Friday, May 16, 2008


Wow, a whole month with no updates. Well, I've been very busy with stuff around the house and at work, so I guess that's to be expected.

To the point of the post, is it time for ParrotOS? ParrotOS is my nickname for an operating system that's a virtual machine. All machine-specific instructions/configurations/etc. are hidden from the programs running on the machine by the kernel. Also, the reason I call it ParrotOS is because I can see the Parrot Virtual Machine being a good choice for this.

Now, what's the point of this.
  1. Since all software would be compiled for one architecture, the VM, you can go from machine to machine and never have to recompile a binary.
  2. The kernel could be made aware of hardware optimizations and take advantage of them if possible. For example, if we have a math co-processor that's much more efficient for scientific computing applications, the kernel could take advantage of that for any instructions that perform such operations. This can result in a nice speed boost for an application without knowing what the hardware is.
  3. In theory, if the "machine code" is well defined, you could write an app in any language, compile it, distribute it, and if someone wanted to modify it in their own language, they could decompile the binary into that language. For example, I could take a program written in C and decompile it into Python to modify it. Granted, this may be too theoretical, but still cool.
  4. This could potentially be a faster OS and previous generations since there are many optimizations you could do in the background, such as good garbage collection and optimizing apps on the fly.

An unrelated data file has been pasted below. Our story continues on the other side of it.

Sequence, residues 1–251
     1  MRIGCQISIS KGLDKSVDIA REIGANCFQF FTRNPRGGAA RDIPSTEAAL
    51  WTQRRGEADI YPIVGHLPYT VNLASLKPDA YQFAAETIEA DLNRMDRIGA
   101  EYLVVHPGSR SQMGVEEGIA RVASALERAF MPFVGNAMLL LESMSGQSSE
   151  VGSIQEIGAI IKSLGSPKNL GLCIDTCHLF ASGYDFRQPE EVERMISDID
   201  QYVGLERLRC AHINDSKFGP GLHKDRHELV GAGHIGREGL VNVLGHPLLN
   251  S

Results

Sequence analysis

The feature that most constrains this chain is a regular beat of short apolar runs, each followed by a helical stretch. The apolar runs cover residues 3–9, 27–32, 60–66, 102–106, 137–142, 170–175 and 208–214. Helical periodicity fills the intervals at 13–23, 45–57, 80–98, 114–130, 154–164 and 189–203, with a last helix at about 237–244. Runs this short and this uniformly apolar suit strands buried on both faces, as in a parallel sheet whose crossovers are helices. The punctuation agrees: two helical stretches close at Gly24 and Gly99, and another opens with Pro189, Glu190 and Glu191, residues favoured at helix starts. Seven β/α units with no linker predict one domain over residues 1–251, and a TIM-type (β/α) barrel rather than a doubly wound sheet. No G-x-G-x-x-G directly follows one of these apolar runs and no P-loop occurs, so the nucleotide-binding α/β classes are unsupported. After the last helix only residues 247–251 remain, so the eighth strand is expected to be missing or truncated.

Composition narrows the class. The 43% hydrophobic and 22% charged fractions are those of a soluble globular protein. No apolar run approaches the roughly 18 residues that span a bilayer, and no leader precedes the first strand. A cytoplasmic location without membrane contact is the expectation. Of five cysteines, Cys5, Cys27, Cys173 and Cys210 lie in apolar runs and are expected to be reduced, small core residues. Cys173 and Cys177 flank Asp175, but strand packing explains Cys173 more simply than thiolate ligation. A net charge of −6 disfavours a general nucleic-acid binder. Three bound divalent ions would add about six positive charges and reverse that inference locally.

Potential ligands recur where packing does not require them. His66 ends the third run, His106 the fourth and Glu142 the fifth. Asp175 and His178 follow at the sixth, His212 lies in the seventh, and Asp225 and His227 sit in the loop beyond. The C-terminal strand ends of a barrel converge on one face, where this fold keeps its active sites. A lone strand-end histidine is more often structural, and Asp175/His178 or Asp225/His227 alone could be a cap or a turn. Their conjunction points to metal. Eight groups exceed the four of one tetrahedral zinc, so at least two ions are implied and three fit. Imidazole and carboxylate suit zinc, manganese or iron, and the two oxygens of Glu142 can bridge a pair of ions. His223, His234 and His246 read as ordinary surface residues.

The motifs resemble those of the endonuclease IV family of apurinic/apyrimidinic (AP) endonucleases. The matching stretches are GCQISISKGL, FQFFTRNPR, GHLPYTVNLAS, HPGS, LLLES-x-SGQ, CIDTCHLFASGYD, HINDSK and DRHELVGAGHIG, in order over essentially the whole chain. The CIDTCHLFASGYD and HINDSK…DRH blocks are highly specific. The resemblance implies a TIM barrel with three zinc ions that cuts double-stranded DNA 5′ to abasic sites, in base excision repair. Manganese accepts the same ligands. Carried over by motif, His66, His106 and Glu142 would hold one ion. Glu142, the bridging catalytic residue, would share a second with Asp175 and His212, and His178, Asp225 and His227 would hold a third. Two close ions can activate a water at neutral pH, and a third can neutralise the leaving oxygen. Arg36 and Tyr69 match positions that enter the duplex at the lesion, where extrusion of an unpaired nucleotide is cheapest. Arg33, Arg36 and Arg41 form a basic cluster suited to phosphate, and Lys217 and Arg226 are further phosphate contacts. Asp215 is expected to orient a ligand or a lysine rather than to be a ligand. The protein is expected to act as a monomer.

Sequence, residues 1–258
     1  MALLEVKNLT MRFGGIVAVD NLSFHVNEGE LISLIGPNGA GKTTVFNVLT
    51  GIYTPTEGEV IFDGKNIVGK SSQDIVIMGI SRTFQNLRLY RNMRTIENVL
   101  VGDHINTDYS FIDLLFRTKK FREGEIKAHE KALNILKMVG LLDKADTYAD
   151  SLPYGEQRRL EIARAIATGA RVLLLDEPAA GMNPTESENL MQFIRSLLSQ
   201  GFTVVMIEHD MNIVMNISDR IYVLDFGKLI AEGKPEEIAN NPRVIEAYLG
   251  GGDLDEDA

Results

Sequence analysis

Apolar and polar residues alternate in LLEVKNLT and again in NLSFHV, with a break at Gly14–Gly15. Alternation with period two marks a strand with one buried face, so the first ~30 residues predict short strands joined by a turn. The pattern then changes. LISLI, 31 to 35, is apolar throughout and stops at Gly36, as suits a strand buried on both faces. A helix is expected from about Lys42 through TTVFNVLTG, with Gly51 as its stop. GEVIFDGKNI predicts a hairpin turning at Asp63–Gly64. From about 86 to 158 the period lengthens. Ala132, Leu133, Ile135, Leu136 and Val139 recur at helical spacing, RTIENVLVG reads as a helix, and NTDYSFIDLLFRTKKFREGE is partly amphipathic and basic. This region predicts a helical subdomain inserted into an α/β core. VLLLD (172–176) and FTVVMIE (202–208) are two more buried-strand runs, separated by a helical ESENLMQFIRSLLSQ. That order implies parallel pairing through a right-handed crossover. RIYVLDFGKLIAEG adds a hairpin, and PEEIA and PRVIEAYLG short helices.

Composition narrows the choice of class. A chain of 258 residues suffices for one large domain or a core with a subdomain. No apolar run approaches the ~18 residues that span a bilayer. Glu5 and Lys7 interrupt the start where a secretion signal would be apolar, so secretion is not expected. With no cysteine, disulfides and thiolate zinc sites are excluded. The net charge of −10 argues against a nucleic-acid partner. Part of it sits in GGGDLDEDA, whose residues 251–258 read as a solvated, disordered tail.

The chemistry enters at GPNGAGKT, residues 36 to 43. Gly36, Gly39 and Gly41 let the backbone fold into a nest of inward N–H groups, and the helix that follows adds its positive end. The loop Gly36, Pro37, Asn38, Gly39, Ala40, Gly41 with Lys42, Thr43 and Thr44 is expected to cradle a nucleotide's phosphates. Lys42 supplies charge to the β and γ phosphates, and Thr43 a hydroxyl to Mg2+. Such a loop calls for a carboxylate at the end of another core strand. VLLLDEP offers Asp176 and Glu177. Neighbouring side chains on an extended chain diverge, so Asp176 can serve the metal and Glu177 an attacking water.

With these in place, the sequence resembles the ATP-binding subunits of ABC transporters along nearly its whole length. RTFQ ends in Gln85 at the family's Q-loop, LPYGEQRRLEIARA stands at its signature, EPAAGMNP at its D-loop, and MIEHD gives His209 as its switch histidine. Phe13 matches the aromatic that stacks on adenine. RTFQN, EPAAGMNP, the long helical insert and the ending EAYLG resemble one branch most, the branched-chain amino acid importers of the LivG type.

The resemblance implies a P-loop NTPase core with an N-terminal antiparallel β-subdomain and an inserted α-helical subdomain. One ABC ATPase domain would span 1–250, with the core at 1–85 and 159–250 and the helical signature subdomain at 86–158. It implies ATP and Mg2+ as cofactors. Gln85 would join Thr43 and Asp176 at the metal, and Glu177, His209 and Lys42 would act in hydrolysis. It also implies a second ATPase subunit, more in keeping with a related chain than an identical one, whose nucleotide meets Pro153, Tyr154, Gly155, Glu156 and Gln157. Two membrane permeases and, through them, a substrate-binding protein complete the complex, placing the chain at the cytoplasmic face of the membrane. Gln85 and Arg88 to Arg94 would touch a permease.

5. Potentially better security by only allowing safe operations to be performed in the VM.
  6. Eliminate language performance differences. Instead of having to focus on the "performance" of a language, you can focus on other, potentially more important aspects, such as functional vs. procedural.
Now, this may force people to move away from certain languages as they may not work well with the kernel. For example, if our VM of choice uses a very safe string data type, then programming in C may not work out the best since there a string is an array of characters.

Anyway, I'm thinking more and more that this is the time to start working on such a beast. I think more consistency across operating systems is going to make things a lot easier on everyone and if we can have vendors like IBM and Sun talking the same language, we don't have to worry about porting issues. The software treats them both as the same machine!

The big problems are vendor support for drivers and ensuring reasonable performance for heavier apps, such as a GUI environment and office suites.

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